William Nattrass

The missing president and the Czech Republic’s sordid power struggle

The missing president and the Czech Republic’s sordid power struggle
The presidential office shows a video of Milos Zemen signing a document in hospital (photo: Getty)
Text settings

Czech President Miloš Zeman has never been one to do things by halves. His mastery in the art of consuming inordinate quantities of alcohol is the stuff of legend, while his formidable smoking once led another senior politician to complain that he felt like a piece of smoked meat in the president’s presence.

Two years ago, at the age of 75, Zeman took the prudent step of cutting down to only two packets of cigarettes a day – leading some to hope that his health might improve. Yet it’s now feared the colourful president’s lifestyle may finally be catching up with him. Zeman was rushed to a central Prague hospital on October 10, the day after a nail-biting Czech election was won by an opposition pro-EU coalition.

The hospital has since refused to break patient confidentiality laws by revealing details of Zeman’s condition – inevitably sending the rumour mill into overdrive. A variety of sources close to the president have claimed the hospitalisation is the result of severe liver problems. This weekend doctors claimed Zeman’s condition had improved; but others say this is only because he is being fed through a tube having supposedly suffered severe alcohol withdrawal symptoms after being admitted to intensive care.

Article 66 of the Czech constitution allows for the transfer of powers in the event that the president becomes incapacitated. With Zeman required by the constitution to take centre stage in the post-election coalition negotiations – by accepting the resignation of the outgoing administration and asking one of the party leaders to try to form a new government – this article is now being talked about with ever greater urgency. And suspicions are rife that those close to Zeman have been conniving to conceal the president’s potential inability to carry out his functions.

Zeman’s aides have adopted a secretive stance over recent weeks, evocatively described by one Czech constitutional expert as reminiscent of ‘oriental despotism.’ On one occasion, as journalists clamoured at the hospital gates for news, all the president’s men would disclose was that Mr Zeman had enjoyed apricot rolls for lunch that day and had ordered the wine sausages with mashed potato for tomorrow.

On October 14, the head of Zeman’s staff Vratislav Mynář brandished a document signed by Zeman in hospital, convening the next parliament for its first session in early November. The document was presented as proof that all was well, and that talk of a potential transfer of power was premature.

Yet the move had the opposite effect. An anonymous criminal complaint was almost immediately filed claiming the president’s signature had been forged. Zeman’s doctors meanwhile exploded in rage because the Speaker of the House, Radek Vondráček, had apparently been smuggled onto the premises to witness the signing of the document without permission at a time when visits to Zeman were forbidden.

Visions were conjured up of Zeman’s aides pulling the strings behind the scenes – directing the hand of the incapacitated president in order to retain their own loose grip over the course of events. A week later, a video was presented showing Zeman signing the key document in his hospital bed; but the damage to public trust had already been done. Aptly, the video saw Zeman quoting in German from Machiavelli’s The Prince while affixing his signature to the page: ‘He who wins time, wins everything.’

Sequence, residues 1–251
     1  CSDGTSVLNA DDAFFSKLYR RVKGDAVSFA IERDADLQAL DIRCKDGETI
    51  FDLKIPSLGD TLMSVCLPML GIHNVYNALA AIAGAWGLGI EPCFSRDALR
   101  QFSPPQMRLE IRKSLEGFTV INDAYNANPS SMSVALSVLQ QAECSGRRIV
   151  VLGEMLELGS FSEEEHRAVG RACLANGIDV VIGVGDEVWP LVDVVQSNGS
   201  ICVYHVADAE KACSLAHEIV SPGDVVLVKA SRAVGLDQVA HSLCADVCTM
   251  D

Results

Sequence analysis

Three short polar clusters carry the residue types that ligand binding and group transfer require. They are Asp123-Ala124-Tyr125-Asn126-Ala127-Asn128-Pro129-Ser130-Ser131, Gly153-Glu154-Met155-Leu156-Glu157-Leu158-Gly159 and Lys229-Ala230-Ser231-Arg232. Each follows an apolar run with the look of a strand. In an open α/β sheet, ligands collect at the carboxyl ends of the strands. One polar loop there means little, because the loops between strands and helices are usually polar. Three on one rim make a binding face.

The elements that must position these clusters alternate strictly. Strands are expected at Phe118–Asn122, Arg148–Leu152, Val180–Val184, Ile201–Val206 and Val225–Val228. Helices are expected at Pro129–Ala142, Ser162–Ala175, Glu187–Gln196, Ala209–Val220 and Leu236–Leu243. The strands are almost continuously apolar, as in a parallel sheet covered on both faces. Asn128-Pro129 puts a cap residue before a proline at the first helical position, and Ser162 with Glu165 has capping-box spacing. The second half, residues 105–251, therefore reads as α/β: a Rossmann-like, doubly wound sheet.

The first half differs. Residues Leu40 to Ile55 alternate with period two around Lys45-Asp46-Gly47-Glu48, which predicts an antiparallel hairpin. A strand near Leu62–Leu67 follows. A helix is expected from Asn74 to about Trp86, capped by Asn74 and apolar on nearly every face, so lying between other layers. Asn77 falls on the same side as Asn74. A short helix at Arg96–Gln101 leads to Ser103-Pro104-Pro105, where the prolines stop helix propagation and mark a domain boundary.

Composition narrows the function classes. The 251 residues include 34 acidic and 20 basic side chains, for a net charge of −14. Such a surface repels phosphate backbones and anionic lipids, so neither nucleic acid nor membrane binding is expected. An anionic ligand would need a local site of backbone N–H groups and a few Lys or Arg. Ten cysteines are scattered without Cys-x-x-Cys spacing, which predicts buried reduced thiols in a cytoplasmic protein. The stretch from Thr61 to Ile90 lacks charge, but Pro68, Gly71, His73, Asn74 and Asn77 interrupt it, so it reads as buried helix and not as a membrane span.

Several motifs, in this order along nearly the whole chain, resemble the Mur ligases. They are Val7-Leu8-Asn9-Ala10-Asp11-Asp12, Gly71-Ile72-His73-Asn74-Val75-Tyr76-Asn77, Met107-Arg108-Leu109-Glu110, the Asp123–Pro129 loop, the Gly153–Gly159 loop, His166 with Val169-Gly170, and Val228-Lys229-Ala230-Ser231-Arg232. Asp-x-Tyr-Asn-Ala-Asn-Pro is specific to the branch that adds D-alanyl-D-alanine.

If Article 66 is triggered, time will have well and truly run out for Zeman and his powerful aides – a tantalising prospect for members of the victorious Czech opposition coalition. Zeman is a close ally of the controversial outgoing prime minister Andrej Babiš, with both adopting increasingly Eurosceptic and traditionalist rhetoric. The overtly pro-EU, pro-western tendencies of the incoming administration meanwhile sit uneasily with Zeman’s preference for closer economic ties with eastern powers, such as Russia and China.

Prior to the election, there were fears that Zeman would try to keep Babiš in power whatever the outcome of the vote. Indeed, Babiš revealed that just before Zeman’s hospitalisation, the president assured him that he would still get two opportunities to try to form a government ahead of the opposition coalition, potentially causing significant delays to the transfer of power.

It comes as no surprise, then, that the opportunity to remove Zeman from the picture has been seized upon with (respectful) eagerness by the opposition. The Senate, led by one of the victorious opposition parties, has already put the wheels in motion for the triggering of Article 66. The Czech media meanwhile has been deluged with assurances from constitutional experts that vital post-election negotiations can go ahead without Zeman’s involvement.

Yet rather than providing clarity, cracks in the constitution have thrown Czech politics into a state of limbo. For the time being, the country has no effective legislature, while the highest functions in the land are held by a man declared by his own doctors as unfit to wield them. In this tense environment, it's no surprise that the ailing president's influence has itself becoming the subject of an intense and sordid struggle for power.